There are any number of ways to define, or interpret, sentiment. As with many definitions and interpretations, this can depend on context. For financial markets, which are multivariate and deep, the context and its drivers, the resulting definitions and interpretations, are like a mosaic — personal, social, geographical, political, historical, economic, industrial, educational, speculative — and it’s all speculative, really. The markets are a network system in which clusters form or dissipate, to varying degrees, to build or shrink the sentiment of an idea in its particular time.

In a narrow finance sense, a definition that may be most closely…


The last two posts in what is turning out to be a sort of mini-series have been about the emergence of sentiment as a principal driving force in 2020 financial markets. The first, The most basic fundamental, lays out the initial argument and identifies some key resulting market aspects in such an environment. The second, The biggest risk, outlines the ways in which financial value metrics are being gradually displaced by pure sentiment, which unlike traditional reference points is difficult to quantify and even more so to predict. …


Our favored valuation multiples have over time climbed up the income statement ladder, rung by rung, and, before long, we may transcend the income statement altogether.

We used to chart the P/E multiples back when, feeling as though earnings were a close enough cash flow proxy, which then was what we really cared about. D&A, it was implied, was capital investment to replace the old, so that E and FCF resembled one another well enough. In the next phase through the years, when CAPEX was replaced by software builds — a direct income statement item for most — the valuation…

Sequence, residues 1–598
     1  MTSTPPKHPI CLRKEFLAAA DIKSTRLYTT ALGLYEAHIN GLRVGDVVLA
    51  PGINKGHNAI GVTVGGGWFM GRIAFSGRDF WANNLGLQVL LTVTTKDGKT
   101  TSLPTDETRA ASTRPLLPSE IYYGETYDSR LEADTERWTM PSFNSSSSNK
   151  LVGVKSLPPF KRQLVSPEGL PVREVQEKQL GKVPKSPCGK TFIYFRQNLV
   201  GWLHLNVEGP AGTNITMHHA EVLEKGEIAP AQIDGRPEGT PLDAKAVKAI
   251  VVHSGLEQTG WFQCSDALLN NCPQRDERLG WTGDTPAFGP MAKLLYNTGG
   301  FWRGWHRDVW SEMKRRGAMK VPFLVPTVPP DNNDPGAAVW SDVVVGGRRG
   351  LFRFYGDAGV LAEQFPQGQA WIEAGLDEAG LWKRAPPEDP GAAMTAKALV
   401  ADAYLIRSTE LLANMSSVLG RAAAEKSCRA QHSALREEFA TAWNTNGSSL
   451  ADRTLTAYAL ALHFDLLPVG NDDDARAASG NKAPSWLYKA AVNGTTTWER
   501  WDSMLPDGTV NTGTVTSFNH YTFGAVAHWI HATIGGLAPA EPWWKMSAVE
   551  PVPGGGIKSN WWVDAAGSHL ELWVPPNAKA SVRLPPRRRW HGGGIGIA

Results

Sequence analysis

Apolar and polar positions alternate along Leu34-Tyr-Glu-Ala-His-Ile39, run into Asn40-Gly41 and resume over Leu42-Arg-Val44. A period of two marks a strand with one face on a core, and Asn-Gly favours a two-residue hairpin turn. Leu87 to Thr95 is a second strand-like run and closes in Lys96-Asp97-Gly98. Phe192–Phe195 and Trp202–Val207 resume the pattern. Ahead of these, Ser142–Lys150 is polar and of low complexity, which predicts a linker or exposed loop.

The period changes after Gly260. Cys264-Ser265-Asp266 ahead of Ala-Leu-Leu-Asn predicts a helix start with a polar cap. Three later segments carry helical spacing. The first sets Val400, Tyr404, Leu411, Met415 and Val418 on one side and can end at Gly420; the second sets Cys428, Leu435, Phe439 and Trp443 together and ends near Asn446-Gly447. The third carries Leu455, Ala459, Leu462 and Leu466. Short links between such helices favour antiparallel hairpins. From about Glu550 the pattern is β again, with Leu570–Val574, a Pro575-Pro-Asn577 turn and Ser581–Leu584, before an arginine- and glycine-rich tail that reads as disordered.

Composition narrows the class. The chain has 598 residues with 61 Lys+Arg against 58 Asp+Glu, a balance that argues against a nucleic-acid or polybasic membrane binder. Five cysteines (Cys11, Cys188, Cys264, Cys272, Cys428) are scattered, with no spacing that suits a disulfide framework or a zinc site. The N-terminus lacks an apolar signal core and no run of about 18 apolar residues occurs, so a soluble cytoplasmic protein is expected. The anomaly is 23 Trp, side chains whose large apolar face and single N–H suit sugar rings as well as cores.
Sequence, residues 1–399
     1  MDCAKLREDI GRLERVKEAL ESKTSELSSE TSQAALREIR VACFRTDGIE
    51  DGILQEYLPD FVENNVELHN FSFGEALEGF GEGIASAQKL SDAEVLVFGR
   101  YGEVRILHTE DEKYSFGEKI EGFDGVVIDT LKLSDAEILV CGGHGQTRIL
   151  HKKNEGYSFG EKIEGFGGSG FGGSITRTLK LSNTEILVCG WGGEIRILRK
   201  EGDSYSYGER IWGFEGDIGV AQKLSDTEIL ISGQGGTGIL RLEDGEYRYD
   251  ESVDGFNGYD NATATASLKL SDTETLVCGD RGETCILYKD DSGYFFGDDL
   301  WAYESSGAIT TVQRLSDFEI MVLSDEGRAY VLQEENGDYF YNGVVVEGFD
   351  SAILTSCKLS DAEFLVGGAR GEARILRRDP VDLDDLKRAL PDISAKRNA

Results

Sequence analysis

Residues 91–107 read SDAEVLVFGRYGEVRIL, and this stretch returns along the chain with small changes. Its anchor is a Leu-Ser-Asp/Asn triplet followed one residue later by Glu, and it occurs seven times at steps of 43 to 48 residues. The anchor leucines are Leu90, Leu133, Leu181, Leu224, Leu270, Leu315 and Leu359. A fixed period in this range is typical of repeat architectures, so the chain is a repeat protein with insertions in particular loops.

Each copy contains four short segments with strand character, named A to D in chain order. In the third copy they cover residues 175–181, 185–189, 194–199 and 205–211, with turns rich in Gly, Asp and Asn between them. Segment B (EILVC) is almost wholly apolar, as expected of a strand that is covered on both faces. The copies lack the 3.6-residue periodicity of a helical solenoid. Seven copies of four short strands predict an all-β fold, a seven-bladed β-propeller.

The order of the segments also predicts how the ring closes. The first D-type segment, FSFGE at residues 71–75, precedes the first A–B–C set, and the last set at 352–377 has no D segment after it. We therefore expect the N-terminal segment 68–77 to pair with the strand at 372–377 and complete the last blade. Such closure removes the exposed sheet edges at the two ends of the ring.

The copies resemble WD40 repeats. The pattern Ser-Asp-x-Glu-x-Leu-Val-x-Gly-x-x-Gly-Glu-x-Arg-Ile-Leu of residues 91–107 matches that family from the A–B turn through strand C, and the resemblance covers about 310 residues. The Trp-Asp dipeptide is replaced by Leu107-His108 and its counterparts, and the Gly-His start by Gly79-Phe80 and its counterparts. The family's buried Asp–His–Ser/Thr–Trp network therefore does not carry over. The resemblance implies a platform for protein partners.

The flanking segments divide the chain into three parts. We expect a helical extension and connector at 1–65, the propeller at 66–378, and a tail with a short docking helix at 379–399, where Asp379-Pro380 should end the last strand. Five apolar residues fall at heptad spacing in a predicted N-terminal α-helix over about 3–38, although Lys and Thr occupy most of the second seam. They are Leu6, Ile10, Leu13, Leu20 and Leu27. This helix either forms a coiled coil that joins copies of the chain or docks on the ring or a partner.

Financial markets are sentiment markets, even as we feign to strip out the emotion from the buy or sell decision. It is a matter of degree, perhaps, and self-control, to stick with data, the practiced formula and its principles, the so-called fundamentals that are taught. Even in so doing— rigidly, consistently, like a machine — one makes a statement about one’s view, or of a view that one envisions, and by contrast about all the others who may or may not share it. That’s not something lacking in emotion and there’s no escaping sentiment. Even algorithms and black boxes are…


1.

The thread of which this post is a continuation began with an early look into what have since become the Big 5 (Apple, Amazon, Facebook, Google, Microsoft) at a time when their market capitalization leadership was still a novelty. In Networks 3.0: Defined by digital dimensions (2016), the argument was made that these aren’t technology companies as a defining measure — as was and commonly still is the accepted classification — but rather multi-dimensional network platforms with deep network effects, whose rich network qualities were the driving force behind their (at the time, new) leadership position. …

Dan Ramsden

Investment, finance, strategy, execution in the networked tech economy. https://www.linkedin.com/in/danramsden